From anatomical anomalies to mysterious hieroglyphics and miniature museums – Massachusetts has some pretty odd attractions! If you’ve got a penchant for the peculiar, look no further than your own backyard. These landmarks are sure to satisfy your desire for the deranged!
The Museum of Bad Art, Somerville
With all the museums dedicated to fine art, it’s refreshing to know that there is a place where the not-so-talented artists of the world are celebrated, too. From disturbing to creepy to just plain awful, the paintings and sculptures are sure to hold your interest.
Forest Hills Cemetery, Boston
Founded in 1848, this gorgeous garden cemetery is a unique memorial to the deceased. Featuring rolling green hills, flowers and plantings as well as one-of-a-kind art, sculpture and architecture – Forest Hills is a far cry from your average resting place. A major draw for tourists are the cement houses lining the side of a hill. They are miniature replicas of the homes the deceased once lived in.
Rockport Paper House, Rockport
Built by mechanical engineer, Elis F. Stenman in 1922, this lovely little cottage is built entirely of old newspapers – well, except for the fireplace, of course. Even the furniture and fixtures inside the home are created from paper. Part of the fun of visiting the paper house is examining the vintage articles and headlines visible beneath the varnish.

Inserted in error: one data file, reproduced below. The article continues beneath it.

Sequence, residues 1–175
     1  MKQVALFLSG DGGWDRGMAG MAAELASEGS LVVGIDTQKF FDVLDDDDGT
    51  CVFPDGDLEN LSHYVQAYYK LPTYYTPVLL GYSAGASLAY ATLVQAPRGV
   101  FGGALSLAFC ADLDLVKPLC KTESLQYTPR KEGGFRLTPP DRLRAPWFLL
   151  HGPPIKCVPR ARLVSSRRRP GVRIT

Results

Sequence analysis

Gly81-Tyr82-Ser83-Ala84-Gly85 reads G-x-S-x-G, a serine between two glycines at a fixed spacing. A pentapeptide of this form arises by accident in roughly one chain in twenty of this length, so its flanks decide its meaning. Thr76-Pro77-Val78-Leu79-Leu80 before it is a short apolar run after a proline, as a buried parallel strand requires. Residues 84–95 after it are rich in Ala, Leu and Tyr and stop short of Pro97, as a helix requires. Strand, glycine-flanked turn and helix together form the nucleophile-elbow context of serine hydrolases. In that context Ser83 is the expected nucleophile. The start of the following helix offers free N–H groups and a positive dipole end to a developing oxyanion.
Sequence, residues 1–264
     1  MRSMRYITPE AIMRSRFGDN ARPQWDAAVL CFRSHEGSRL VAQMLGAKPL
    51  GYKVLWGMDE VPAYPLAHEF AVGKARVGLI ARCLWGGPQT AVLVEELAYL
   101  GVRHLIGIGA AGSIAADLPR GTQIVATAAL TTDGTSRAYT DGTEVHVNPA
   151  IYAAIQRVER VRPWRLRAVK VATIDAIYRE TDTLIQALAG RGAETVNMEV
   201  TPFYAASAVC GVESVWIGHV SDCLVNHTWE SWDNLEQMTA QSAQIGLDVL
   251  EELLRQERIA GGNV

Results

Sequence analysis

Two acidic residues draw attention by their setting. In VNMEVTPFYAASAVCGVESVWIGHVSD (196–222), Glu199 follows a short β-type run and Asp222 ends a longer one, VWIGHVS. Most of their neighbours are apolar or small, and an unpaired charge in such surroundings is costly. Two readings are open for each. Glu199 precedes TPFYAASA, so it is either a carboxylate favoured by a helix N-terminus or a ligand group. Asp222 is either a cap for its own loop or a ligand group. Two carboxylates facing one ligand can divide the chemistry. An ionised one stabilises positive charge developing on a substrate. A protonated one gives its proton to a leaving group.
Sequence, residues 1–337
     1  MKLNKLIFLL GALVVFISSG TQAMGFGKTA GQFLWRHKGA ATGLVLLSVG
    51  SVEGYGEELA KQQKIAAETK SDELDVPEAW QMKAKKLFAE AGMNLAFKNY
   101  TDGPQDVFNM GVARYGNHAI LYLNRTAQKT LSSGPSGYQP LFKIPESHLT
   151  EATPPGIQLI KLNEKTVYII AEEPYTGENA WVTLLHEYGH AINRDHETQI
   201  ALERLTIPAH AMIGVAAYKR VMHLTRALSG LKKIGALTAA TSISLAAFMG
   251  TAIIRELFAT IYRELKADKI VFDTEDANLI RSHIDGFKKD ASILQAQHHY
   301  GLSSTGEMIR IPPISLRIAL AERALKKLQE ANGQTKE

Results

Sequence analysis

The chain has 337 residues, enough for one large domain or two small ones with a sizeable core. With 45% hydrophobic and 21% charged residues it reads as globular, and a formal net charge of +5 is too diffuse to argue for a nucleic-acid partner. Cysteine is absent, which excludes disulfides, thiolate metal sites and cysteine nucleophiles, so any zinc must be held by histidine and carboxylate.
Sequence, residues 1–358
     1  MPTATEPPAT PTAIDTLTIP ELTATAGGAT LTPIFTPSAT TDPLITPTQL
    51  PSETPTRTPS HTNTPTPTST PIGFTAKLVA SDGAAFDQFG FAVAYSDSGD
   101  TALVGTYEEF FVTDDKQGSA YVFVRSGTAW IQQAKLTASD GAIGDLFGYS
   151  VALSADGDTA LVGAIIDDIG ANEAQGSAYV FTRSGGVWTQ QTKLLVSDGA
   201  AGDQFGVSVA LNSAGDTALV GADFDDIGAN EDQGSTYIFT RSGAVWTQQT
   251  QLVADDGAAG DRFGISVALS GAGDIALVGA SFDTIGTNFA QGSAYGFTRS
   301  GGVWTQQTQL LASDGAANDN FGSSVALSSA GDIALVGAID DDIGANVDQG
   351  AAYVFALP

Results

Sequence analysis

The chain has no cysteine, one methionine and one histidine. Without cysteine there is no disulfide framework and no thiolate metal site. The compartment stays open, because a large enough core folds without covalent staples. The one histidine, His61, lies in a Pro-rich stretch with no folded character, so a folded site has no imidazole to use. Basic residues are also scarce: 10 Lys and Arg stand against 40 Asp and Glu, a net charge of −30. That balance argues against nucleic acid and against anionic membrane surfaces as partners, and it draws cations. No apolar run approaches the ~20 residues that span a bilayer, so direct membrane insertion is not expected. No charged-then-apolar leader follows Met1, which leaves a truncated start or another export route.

The website describes The Mµseum as “a space for showcasing masterful, engaging, and innovative work on an intimate scale with a focus on art being produced in New England.” The tiny “museum” is 16 inches wide and 8 inches deep.
Dighton Rock, Berkeley
The strange carvings and symbols discovered on Dighton Rock in the 1680’s are one of the New World’s greatest mysteries. No one has ever been able to interpret the writings or determine who created them.
Warren Anatomical Museum, Boston
Those who long to visit Philadelphia’s famous Mutter Museum may not realize that there is a smaller version right at home in Boston. It features the skeletons of conjoined fetal twins and the skull of Phineas Gage, who survived a 13-pound rod being blasted through his head by dynamite – just to name a few.
Joseph Allen Skinner Museum, South Hadley
Jam-packed with a menagerie of the weird, wild and wonderful, the Joseph Allen Skinner Museum has been a hidden gem for fans of the abnormal since 1946.
Echo Bridge, Newton
Want to hear your own voice echoed back to you up to 25 times? Then a visit to Newton’s Echo Bridge should be at the top of your list. Built in 1877, the bridge extends over Hemlock Gorge. The unique architecture of the structure accounts for the acoustic phenomenon. Don’t forget to visit the nearby Echo Bridge Restaurant once you’re all hollered out.
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